Nonetheless, the media does remain responsible for the moral climate, or the temperament of the surrounding environment. When a competitive media is focussed on sensationalist treatment, it becomes symptomatic of the madness scaring us. Resorting to conventional storytelling tropes—demonising the perpetrator, insisting on a triumph of good over evil, seeking closure in a revenge fantasy, etc.—reduces human suffering to a pre-packaged spectacle. Its more interested in heightening the dramatic effect than exploring (and addressing) the root causes. The only therapeutic value that such storytelling has is that it provides false consolations when confronting our worst fears. We have to bridge the moralisation gap by providing the missing link: through an awareness of our shared humanity and responsibility.

We can cross this gap by blacking out the identity of mass murderers. Such a media blackout ensures that their victims remain the focus of attention and preys on every (potential) killer’s fear of insignificance. We need to adopt a healthier narrative by curing our addiction to the myth of pure evil . Instead of preying on everyone’s worst fears, the mass media needs to stop jumping the gun and allow cooler head to prevail. And the only way it can do this is by speaking truth to power (fantasies). In other words, we need to divest evil of its grandiosity or mythic resonance by completely banalizing with the morally neutral language of psychiatric explanations. Less grandiose explanations cut mass murderers down to size, and take back their power (fantasy). It also recognises that murderers are amongst the victims of massacres, and allows us to humanise their own suffering.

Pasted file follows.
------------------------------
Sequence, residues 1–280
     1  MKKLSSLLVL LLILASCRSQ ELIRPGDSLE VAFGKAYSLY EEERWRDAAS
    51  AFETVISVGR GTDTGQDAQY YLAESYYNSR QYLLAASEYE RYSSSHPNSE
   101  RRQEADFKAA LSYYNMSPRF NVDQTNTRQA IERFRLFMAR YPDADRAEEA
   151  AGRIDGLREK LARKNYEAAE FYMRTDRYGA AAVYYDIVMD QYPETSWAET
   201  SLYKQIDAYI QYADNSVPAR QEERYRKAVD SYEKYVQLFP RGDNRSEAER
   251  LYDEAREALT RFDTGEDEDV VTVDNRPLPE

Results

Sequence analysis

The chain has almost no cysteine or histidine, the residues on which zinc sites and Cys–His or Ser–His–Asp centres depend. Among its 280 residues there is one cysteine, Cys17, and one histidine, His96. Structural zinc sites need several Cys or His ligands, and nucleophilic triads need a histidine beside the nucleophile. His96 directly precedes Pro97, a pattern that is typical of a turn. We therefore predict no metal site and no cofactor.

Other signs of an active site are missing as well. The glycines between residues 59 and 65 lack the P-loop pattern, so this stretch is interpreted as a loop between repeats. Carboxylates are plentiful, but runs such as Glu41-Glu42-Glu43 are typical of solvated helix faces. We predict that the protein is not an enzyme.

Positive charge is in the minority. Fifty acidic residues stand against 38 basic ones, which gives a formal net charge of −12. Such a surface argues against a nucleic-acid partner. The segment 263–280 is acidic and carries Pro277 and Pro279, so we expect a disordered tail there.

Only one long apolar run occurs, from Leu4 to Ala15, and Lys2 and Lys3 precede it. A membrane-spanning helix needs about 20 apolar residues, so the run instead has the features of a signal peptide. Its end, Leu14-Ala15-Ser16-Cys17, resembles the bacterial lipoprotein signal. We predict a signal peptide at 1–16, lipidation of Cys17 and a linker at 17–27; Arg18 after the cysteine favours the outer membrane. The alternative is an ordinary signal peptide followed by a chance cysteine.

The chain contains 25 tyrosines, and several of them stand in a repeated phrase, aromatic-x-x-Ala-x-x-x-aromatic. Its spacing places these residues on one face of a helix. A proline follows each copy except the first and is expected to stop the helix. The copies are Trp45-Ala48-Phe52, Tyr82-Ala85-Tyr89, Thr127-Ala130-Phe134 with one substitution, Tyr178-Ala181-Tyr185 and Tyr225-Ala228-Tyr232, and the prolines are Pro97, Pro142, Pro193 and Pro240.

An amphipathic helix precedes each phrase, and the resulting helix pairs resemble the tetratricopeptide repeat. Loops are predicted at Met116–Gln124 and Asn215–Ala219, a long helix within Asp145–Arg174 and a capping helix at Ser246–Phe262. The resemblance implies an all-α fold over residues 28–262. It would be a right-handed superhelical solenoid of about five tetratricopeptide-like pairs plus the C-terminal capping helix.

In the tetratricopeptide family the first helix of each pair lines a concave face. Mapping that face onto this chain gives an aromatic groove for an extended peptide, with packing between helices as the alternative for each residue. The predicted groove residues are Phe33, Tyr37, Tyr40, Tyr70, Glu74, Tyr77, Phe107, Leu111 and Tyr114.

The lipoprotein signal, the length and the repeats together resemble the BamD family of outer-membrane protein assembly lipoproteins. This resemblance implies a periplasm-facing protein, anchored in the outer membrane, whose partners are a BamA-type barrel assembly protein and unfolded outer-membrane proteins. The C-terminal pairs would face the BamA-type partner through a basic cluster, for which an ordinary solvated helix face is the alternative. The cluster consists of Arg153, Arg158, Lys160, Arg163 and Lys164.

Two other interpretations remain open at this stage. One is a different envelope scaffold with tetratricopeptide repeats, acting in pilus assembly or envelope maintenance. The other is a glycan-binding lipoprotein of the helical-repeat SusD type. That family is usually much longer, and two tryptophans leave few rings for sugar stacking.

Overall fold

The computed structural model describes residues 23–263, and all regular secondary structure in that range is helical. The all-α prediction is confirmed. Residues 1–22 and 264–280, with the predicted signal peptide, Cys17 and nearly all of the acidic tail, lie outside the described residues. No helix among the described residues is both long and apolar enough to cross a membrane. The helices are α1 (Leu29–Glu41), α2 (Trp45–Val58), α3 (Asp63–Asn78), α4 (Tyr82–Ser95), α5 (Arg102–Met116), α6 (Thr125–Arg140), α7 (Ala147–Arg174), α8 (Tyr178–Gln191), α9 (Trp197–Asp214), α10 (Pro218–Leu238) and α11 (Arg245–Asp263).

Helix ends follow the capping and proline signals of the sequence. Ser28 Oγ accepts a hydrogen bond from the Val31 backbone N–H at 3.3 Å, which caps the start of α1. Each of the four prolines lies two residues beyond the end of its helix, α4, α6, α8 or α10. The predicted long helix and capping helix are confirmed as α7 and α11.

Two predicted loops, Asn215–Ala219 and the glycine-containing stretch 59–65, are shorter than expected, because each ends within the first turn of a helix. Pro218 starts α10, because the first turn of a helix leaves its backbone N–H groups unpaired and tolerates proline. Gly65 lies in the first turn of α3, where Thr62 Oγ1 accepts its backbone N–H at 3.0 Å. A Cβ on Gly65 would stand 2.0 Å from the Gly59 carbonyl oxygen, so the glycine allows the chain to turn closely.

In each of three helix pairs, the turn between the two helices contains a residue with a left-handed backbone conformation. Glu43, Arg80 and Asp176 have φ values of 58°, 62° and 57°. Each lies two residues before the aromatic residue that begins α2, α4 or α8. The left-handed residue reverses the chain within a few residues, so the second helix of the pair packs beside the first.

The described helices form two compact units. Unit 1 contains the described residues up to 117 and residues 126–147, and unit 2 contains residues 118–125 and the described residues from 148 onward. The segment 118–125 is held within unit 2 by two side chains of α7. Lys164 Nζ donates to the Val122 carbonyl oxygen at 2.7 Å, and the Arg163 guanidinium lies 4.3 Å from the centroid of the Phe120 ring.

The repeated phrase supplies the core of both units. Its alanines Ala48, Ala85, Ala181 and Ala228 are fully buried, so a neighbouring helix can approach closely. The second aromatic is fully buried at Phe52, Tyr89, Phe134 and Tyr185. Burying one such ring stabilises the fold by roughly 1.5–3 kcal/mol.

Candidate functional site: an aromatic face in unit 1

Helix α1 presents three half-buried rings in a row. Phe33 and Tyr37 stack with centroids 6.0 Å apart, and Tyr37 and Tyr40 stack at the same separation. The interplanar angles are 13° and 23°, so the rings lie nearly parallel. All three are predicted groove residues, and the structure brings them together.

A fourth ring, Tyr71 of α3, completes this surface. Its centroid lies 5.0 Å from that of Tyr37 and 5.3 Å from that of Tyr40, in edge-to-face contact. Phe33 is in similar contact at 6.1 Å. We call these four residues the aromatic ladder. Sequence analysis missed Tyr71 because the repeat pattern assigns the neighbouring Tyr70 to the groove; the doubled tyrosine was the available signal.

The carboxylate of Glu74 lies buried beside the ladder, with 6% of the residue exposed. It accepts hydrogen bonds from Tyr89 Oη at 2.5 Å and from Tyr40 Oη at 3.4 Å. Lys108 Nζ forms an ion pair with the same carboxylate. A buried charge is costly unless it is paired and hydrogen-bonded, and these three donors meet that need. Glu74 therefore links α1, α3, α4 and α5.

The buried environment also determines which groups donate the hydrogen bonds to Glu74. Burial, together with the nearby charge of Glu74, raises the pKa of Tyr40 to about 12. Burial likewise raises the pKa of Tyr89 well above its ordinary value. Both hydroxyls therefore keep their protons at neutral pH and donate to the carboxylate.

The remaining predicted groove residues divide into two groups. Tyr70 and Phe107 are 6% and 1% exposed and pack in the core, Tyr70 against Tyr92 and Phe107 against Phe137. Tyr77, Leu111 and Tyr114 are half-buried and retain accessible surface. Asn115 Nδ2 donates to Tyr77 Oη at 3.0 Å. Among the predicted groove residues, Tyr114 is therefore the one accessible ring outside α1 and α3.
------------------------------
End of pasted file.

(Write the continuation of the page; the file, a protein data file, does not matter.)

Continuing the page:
James Holmes

James Holmes

Extending sympathy and understanding ensures that we can focus on the bigger picture. Anyone following the latest developments will see the difficulty in bringing a moving picture into better focus. While information remains piecemeal and contradictory, the writing was clearly on the wall in this treatment of the story. All said and done, we are obliged to question the moral standing of a society able to adopt an ‘out of sight, out of mind’ approach to an escalating problem. As we have seen, it is dangerous for a community that literally embodies the faculty of reason to leave a mentally ill person to their own devices.

We all know how critical it is to keep independent voices alive and strong on the Internet. Please consider a donation to support our work. We are a wholly independent, women-owned, small company. Your donation will help PopMatters stay viable through these changing, challenging times where costs have risen and advertising has dropped precipitously. PopMatters needs your help to keep publishing. Thank you.

//Mixed media

NYFF 2017: 'Mudbound'

// Notes from the Road

"Dee Rees’ churning and melodramatic epic follows two families in 1940s Mississippi, one black and one white, and the wars they fight abroad and at home.

READ the article